critical task for ensuring accurate situational awareness. The number of hazards at these flight
conditions is disproportionately large in comparison to flight at high altitudes. Information must
be gathered that indicates the location of obj ects in these areas along with their size and shape in
relation to the vehicles. It is reasonable to assume pre-flight knowledge of maj or obj ects within
cities or rooms; however, it is doubtful that every tree and sign or angle of every door is known
in advance. As such, in-flight mapping is a realistic expectation to obtain information about
the environment and permit flight operations. Figure 1-1 shows several examples of current
Figure 1-1. Micro Air Vehicles
An approach was developed to optimize mapping using a single aircraft. This approach
developed a metric that noted the distance between the aircraft and features that had already
been mapped. Path planning thus resulted by maximizing that distance. The motivation for this
thesis is to develop technologies that enable a distributed team of MAVs to autonomously map
an unknown environment. The capability of cooperative map generation allows the vehicles
to accurately and efficient map the environment and share locally generated incremental maps
with the vehicle team which increases vehicle safety and enables efficient traj ectory generation
beyond any individual vehicles line-of-sight. An accurate environment map is also a critical
component for future high level mission planning.
The :.: i i :: system proposed in this paper iteratively i ::.. the: three: following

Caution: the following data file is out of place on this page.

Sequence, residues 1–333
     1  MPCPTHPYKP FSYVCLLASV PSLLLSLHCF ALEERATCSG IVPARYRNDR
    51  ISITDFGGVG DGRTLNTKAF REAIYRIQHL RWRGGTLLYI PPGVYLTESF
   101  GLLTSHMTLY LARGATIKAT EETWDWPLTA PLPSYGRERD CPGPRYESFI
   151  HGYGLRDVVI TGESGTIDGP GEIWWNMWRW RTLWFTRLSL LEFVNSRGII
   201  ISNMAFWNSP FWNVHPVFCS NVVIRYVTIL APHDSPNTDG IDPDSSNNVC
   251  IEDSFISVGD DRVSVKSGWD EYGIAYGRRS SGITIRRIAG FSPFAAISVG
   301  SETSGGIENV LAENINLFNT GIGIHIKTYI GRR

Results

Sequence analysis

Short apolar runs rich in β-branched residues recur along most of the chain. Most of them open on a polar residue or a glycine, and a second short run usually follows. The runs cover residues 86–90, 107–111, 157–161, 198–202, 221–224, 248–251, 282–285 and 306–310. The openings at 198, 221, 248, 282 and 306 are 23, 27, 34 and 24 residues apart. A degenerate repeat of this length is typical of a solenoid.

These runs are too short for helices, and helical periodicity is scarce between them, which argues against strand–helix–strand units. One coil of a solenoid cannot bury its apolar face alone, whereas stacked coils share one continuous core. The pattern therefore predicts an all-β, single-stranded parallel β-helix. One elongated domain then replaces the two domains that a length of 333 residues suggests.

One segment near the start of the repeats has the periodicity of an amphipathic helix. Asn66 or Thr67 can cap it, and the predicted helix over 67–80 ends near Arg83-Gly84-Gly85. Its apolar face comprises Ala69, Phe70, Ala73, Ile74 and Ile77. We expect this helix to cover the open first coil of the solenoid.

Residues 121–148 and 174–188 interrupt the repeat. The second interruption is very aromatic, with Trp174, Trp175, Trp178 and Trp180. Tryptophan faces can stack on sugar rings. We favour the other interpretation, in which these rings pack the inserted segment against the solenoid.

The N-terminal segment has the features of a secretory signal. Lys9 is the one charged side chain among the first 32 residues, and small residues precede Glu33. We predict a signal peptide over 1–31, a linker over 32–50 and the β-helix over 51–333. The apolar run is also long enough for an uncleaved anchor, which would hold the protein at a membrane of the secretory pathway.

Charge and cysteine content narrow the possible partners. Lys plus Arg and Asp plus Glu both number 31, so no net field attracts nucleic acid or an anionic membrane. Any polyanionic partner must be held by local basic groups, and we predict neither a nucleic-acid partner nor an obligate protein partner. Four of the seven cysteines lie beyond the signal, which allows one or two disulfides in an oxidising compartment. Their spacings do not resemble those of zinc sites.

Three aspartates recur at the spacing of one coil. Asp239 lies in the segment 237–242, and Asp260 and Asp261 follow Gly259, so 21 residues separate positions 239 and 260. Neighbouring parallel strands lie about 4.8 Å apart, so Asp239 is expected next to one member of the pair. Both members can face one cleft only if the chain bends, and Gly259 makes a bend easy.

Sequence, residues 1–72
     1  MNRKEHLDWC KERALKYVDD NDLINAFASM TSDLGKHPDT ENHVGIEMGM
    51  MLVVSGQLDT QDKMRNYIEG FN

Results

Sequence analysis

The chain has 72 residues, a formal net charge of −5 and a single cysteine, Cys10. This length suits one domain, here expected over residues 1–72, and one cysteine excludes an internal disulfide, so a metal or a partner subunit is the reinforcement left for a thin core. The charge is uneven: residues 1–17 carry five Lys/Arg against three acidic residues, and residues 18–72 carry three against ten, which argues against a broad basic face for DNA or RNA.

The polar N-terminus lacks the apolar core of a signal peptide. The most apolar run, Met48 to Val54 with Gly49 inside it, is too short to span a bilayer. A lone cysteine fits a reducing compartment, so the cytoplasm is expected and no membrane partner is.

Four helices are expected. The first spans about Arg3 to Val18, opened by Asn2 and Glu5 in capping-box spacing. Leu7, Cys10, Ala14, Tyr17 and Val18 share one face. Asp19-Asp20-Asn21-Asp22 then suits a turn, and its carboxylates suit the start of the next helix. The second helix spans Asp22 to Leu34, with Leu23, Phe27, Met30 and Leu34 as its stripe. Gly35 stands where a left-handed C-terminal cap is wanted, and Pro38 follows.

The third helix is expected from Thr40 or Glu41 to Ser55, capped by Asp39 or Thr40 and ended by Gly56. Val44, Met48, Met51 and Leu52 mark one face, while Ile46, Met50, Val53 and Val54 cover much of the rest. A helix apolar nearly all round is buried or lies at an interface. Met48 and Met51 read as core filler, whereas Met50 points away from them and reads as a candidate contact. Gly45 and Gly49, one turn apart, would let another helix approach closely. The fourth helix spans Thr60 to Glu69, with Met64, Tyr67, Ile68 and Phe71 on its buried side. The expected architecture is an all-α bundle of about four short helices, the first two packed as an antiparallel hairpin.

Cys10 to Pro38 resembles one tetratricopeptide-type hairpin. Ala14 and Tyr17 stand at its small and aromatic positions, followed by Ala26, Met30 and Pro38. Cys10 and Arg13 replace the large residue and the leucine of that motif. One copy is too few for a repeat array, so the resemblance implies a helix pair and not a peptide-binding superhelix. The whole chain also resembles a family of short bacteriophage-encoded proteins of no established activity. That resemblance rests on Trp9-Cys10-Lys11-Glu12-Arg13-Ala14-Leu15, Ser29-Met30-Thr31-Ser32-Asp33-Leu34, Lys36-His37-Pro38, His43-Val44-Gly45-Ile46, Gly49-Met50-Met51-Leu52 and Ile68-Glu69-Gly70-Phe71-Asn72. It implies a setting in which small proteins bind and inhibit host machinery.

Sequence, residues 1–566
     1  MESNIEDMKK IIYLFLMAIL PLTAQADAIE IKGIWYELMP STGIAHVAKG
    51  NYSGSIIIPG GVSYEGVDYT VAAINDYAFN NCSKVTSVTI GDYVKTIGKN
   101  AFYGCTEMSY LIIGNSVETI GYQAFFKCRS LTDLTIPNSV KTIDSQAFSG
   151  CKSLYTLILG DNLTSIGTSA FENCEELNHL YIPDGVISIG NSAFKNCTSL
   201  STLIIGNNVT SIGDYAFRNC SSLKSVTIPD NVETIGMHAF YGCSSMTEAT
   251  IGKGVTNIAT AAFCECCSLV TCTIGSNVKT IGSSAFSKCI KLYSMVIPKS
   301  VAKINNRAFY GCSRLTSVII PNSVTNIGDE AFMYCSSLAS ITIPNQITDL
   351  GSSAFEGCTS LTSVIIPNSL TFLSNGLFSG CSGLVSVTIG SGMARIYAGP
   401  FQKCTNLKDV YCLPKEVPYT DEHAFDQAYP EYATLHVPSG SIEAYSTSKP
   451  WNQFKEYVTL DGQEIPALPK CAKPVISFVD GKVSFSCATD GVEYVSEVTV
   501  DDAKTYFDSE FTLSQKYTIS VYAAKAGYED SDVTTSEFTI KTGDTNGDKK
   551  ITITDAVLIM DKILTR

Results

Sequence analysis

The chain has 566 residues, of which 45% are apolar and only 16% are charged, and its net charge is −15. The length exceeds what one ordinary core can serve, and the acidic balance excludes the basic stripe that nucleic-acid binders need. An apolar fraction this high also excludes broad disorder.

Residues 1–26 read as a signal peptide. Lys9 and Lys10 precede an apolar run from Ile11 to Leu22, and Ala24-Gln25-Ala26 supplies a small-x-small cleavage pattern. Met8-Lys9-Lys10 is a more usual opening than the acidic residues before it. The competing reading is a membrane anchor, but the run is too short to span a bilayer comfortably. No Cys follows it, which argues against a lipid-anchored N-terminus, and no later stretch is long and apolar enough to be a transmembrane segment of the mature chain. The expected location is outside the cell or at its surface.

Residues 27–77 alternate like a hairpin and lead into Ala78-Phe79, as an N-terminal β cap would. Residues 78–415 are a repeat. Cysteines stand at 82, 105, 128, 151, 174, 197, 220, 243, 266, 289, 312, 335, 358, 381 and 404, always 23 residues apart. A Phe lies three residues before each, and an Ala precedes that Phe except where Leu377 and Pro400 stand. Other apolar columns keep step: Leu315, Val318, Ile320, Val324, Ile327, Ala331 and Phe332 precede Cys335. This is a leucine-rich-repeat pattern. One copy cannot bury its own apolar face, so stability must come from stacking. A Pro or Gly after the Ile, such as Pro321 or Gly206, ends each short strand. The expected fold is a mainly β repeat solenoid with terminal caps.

1. locally building a partial map that : 1.:- : the portion of the environment current sensed
2. -- :t.. the global mnap according to the newly acquired partial map
3i. determining and .1l.::::: :: toward the next observation 1:. ii 1. =: according to the
1.3 iMurlti-robot Systems
.ir..autonomous robot teams are : to have many advantages over single
vehicle systems. Cooperating robots have the potential to accomplish tasks more efficiently and
with greater speed than a single vehicle. Beyond gains in efficiency multiple vehicle systems
have the I ::r :1 to demonstrate i: .1- : and more accurate localizations if they exchange
information about their ... ri .:. and sensed environment in as .. q .. :. i r manner. Distributed
team systems also have the added advantage of increasing redundancy and sensor variety. U' .1:
several low cost vehicles introduces redundancy and a higher level of risk reduction than having
only one, possibly more expensive, vehicle. Multi-robot systems have the .i!- -- :::v properties:
greater "l. ::. y
improved system performance
ar lower economic cost
ii: :::i:::. 1 sensing and action